Although statistics come as little comfort when you lose your baby, it may still help to remember that one in four women go through miscarriage at some point in their lives (1).
About 10 – 20% of pregnancies end in early miscarriage, i.e. within the first 12 weeks. Late miscarriages happen in about 1 – 2% of pregnancies (2).
Repeat miscarriage - when a woman experiences three or more miscarriages in a row - affects about 1% of women trying to conceive (3).
On this page you can read about:
The exact definition of miscarriage and stillbirth in Belgium is somewhat confusing.
Under Belgian legislation, the loss of a baby before 22 weeks gestation or with a birth weight of less than 500g is considered a miscarriage (4).
However, it is not until 180 days of pregnancy (i.e. almost 26 weeks) that a stillborn baby can be officially registered – and therefore officially named with the Belgian authorities. For babies born just before this cut-off, hospitals are known to offer to adjust the dates of the pregnancy to allow families the maximum of rights in terms of naming, declaration, and other administrative aspects.
- signs and symptoms of a miscarriage
- what ultrasounds scans can show
- surgical, medical and natural management of miscarriage
- possible causes of miscarriage
They also give information about ectopic and molar pregnancies.
BabyCentre is also a useful resource for information about pregnancy loss.
This will depend on what stage you are in your pregnancy, whether or not you are already seeing a care provider for prenatal care, and what symptoms you are experiencing. Depending on your situation, you may decide to visit your family doctor, midwife, gynaecologist, family planning centre, or hospital emergency department.
Many women will experience at least one miscarriage in their lives, and most will go on to carry a baby to term. However, about 1% of women experience repeat miscarriages – i.e. three or more miscarriages in a row (3). If you have experienced several miscarriages, you might like to seek specialist medical advice to explore why this might be happening.
Most fertility centres offer investigation into repeat miscarriages, including genetic testing, and other tests to try to establish a cause and find solutions. For example, the Centrum voor Reproductieve Geneeskunde (CRG or Centre for Reproductive Medicine) at the Universitair Ziekenhuis Brussel (UZ Brussel) has a support and treatment programme for women who experience repeated miscarriages.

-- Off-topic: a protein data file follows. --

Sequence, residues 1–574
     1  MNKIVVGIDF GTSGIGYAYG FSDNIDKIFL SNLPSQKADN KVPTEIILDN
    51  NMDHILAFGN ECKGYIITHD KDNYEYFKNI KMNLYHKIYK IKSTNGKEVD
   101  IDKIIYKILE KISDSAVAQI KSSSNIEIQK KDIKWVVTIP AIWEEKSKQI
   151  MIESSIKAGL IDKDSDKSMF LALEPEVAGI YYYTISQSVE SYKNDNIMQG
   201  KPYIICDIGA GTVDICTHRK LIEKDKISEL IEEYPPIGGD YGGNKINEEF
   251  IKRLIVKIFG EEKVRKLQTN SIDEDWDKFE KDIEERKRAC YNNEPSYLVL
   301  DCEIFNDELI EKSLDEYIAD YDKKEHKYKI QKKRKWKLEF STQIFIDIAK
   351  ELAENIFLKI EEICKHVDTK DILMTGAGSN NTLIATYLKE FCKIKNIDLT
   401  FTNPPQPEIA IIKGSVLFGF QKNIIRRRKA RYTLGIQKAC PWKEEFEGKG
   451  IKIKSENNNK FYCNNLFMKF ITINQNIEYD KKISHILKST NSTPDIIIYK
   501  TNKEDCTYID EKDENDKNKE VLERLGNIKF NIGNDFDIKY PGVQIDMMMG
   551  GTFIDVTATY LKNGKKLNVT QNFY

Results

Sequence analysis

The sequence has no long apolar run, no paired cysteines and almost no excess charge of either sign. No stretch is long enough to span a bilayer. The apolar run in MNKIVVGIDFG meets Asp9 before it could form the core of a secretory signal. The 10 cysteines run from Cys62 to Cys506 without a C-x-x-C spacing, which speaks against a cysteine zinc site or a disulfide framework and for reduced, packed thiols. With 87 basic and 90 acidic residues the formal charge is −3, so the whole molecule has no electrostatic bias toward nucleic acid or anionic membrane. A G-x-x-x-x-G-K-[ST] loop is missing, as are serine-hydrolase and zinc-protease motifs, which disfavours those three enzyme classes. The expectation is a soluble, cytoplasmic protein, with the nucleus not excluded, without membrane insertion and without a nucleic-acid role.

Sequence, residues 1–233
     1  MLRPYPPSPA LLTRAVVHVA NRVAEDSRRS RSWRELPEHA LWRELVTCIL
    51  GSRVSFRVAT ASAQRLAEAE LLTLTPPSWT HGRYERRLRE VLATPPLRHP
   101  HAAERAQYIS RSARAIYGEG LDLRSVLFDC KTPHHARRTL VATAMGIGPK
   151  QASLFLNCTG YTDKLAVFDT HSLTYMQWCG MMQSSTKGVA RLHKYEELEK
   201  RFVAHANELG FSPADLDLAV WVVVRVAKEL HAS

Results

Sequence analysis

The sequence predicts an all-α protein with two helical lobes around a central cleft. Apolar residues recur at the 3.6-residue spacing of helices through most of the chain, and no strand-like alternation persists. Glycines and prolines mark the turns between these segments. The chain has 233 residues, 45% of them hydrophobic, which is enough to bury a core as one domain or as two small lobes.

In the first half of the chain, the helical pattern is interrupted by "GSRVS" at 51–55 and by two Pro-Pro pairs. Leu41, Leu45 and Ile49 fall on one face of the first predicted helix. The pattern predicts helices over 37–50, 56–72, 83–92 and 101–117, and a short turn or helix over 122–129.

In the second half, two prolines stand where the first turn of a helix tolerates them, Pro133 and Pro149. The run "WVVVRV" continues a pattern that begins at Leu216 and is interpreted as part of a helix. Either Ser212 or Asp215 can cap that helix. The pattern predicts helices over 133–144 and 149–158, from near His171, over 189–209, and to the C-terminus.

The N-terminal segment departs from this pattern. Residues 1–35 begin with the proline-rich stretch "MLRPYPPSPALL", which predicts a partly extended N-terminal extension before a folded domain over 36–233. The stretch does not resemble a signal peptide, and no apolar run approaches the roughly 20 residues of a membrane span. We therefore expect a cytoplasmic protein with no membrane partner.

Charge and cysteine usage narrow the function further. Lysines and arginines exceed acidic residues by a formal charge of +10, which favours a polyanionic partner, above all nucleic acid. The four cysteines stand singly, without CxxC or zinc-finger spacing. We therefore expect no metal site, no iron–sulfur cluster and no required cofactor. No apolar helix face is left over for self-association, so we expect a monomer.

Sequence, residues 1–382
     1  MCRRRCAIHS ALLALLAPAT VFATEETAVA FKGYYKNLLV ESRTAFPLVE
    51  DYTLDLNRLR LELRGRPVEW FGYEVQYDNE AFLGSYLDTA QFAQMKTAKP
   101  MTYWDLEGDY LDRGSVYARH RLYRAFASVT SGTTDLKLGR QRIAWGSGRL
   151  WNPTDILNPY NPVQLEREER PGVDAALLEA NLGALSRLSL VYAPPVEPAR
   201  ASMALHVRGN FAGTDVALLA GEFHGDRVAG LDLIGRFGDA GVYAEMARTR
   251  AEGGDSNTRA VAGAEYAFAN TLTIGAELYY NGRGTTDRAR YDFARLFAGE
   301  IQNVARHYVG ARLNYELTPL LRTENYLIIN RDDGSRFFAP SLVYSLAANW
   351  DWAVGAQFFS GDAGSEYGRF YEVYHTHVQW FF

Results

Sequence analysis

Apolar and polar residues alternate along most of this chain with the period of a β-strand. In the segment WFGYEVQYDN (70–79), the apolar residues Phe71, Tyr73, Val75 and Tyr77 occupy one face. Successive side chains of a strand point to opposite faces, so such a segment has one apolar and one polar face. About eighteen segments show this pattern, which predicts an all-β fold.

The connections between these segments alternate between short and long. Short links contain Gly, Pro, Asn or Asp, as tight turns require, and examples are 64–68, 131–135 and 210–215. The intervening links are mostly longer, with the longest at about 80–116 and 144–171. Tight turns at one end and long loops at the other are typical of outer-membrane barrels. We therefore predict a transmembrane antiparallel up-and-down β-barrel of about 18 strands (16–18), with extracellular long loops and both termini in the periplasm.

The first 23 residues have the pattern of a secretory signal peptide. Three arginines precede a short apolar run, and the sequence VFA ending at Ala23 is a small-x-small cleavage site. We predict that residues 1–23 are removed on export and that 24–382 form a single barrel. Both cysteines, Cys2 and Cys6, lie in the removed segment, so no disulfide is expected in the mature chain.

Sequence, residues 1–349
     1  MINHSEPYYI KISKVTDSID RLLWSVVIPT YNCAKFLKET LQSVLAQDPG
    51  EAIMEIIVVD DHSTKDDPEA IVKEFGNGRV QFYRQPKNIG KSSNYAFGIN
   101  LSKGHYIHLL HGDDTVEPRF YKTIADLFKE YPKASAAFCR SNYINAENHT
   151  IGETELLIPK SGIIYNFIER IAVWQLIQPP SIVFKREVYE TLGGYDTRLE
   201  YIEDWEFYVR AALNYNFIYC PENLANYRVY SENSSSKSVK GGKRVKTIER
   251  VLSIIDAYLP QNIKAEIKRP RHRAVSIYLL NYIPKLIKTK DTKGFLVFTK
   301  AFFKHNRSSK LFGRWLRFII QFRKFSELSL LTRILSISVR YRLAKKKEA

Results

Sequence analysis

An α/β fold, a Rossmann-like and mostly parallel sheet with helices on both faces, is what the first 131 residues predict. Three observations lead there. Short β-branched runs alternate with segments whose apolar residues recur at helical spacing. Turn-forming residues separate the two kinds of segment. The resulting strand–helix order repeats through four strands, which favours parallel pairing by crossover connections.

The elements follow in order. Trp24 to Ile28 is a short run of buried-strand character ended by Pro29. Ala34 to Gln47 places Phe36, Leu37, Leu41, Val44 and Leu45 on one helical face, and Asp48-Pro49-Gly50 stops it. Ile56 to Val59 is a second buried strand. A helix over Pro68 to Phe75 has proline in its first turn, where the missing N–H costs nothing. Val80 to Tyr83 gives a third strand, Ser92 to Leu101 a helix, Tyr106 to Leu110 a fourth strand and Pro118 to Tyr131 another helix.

We all cope differently with loss, and there is no right or wrong way to feel about a miscarriage.
The UK’s Miscarriage Association has put together a helpful document that looks at how loss might affect you and your partner, and those around you, and also suggests some ways to help you cope. As well as containing lots of useful information, the Miscarriage Association's website also has a forum.
In Belgium, the Brussels Childbirth Trust (BCT) has an ‘Experiences Register’ – this allows BCT members to be put in touch with other members who have experienced miscarriage, and who can offer support and advice.
Under Belgian law, if you have a miscarriage or your baby is stillborn after a pregnancy that lasted less than 180 days, the birth does not need to be registered. The miscarriage, however early, will remain on your medical/gynaecological history.
If your baby was miscarried or stillborn between 12 weeks and 180 days of pregnancy, you can request that he/she can be either buried in a special section of your commune’s cemetery or be cremated and the ashes scattered in a special section of your commune’s cemetery – all communes should have a small area of their cemetery reserved for the burial of babies who were stillborn before 180 days of pregnancy, and for the scattering of ashes. Neither the parents’ nor the baby’s name will appear at the cemetery.
In this case, your doctor or midwife can make the request to the commune. A funeral home will take care of the transport of your baby.
While Belgian mutuelles will contribute to funeral costs for a baby who was born but died shortly after birth, this is not the case for babies who are miscarried or stillborn – in both of these cases, the baby has never officially been registered as a ‘dependent’ of either parent. Even a simple funeral/cremation can cost close to €1000.
Some employers may offer to help with funeral costs. Your HR department should be able to advise you if this is the case.
- Bills for medical care related to your miscarriage, e.g. consultations, blood tests and ultrasounds, can continue to come for quite a while after the miscarriage, which may feel like insensitive reminders as you are trying to come to terms with your loss.
- After a miscarriage, you are still entitled to partial reimbursement of perinatal physiotherapy sessions. Depending on when you lost your baby, you may feel the need for e.g. pelvic floor strengthening.
- You are only entitled to maternity leave and the related payments if your baby is stillborn after 180 days of pregnancy or is born but dies soon after birth (however long the pregnancy lasted). If your baby is stillborn before 180 days of pregnancy, your doctor may be able to provide you with a medical certificate saying you are unable to work for a certain period (‘incapacité de travail’ / ‘arbeidsongeschiktheid’).
(1) Symonds IM. 2009. Abnormalities of early pregnancy. In: Fraser DM, Cooper MA. eds. Myles Textbook for Midwives. 15th ed. Edinburgh: Churchill Livingstone, 313-32
(2) Royal College of Obstetricians and Gynaecologists (2008) Early miscarriage: information for you
(3) Royal College of Obstetricians and Gynaecologists (2008)